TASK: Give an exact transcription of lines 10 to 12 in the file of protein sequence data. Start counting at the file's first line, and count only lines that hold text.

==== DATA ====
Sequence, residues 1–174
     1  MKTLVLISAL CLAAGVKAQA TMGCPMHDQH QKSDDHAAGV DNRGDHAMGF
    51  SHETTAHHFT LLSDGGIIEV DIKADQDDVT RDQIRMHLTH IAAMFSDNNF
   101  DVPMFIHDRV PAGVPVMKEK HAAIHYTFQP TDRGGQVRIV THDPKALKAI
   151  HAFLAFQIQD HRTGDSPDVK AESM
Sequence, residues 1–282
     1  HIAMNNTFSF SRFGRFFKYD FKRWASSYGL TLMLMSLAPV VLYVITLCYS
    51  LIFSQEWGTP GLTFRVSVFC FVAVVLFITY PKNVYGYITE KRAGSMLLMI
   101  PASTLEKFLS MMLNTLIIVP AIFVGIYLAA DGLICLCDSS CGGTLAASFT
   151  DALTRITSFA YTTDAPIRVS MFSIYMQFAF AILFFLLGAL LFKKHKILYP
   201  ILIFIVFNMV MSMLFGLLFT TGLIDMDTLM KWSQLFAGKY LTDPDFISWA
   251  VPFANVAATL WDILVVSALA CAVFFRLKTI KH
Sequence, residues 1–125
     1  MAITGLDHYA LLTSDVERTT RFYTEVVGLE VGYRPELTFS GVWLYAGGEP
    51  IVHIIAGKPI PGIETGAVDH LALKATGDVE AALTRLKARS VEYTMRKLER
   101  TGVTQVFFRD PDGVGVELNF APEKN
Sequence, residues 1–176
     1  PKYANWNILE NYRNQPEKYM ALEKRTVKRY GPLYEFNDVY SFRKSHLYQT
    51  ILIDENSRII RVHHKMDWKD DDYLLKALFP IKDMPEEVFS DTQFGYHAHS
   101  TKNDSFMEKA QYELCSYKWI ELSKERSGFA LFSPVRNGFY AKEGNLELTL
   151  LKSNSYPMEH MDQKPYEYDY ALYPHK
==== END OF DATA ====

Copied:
   151  DALTRITSFA YTTDAPIRVS MFSIYMQFAF AILFFLLGAL LFKKHKILYP
   201  ILIFIVFNMV MSMLFGLLFT TGLIDMDTLM KWSQLFAGKY LTDPDFISWA
   251  VPFANVAATL WDILVVSALA CAVFFRLKTI KH